Wednesday, June 17, 2015

American Hustle *** (2013)

Initially I dismissed American Hustle as David O. Russell trying to be Scorsese.  Maybe it was the glaring 70s milieu, which automatically recalled Taxi Driver or Goodfellas.  After repeated viewings I realized American Hustle offers more than flashy style, but is a perceptive character study disguised as a procedural.

American Hustle imitates the style of Goodfellas with its multiple narrations, rock and roll soundtrack, and fascination with low level players.  Unlike the wiseguys in Goodfellas who defy society through creating an alternate one with their own standards of upward mobility, the con artists in American Hustle go for the big money by playing the system against itself.

The three leads Christian Bale, Amy Adams, and Bradley Cooper flourish in their roles as smooth talking city dwellers.  They must adapt in order to make the big score. Jennifer Lewis shines as Irving's eccentric wife Roslyn.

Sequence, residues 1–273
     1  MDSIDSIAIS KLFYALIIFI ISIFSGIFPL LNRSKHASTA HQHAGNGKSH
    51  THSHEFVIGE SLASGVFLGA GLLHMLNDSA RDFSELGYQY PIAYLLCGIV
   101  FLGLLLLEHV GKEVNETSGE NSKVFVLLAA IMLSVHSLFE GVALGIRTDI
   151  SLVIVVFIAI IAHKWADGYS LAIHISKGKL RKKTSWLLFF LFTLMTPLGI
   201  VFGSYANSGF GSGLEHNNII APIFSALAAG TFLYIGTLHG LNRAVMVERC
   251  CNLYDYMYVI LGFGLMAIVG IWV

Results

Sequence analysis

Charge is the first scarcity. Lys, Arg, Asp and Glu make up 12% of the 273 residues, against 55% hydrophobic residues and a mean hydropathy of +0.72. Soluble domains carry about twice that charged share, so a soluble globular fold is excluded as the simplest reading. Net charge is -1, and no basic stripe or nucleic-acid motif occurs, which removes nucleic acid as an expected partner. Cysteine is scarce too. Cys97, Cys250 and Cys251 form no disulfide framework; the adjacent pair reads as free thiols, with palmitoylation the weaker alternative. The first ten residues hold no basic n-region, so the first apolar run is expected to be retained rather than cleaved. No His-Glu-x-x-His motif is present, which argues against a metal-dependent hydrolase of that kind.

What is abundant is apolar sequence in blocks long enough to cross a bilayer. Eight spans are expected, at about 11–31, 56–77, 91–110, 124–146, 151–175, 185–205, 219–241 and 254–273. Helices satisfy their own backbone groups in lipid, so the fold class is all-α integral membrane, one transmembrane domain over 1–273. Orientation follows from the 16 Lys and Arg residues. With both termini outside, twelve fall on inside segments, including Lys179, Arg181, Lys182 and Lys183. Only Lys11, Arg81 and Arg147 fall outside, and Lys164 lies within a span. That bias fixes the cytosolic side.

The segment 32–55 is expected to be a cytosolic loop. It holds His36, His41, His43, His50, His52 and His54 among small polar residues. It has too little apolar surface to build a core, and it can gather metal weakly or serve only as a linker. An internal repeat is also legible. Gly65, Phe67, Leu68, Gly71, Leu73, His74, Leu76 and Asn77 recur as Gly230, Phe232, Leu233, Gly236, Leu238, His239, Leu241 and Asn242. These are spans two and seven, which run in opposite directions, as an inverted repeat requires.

An obese Bale plays Irving Rosenfeld, an owner of dry cleaning businesses and sometime dealer in forged art.  He meets the seductive Sydney (Amy Adams) and they team up in real estate Ponzi schemes.  When an undercover FBI agent Richie (Bradley Cooper) catches them in the act, they are forced to take part in the famous Ab-Scam operations of the late 1970s when undercover agents disguised as Arabs set up politicians to take bribes.

Irving and Sydney set their sights on Carmine Polito (Jeremy Renner), populist mayor of Camden, New Jersey. Renner, looking like Joe Pesci, comes across as sincere in his dreams to revitalize his community, but gets done in by his own good intentions.

Although set in the 70s, American Hustle would work in any decade. I believe early versions of the script set the story in the 1930s. Hustling and capitalism go hand in hand, a trait American Hustle celebrates and laments.

No comments:

Post a Comment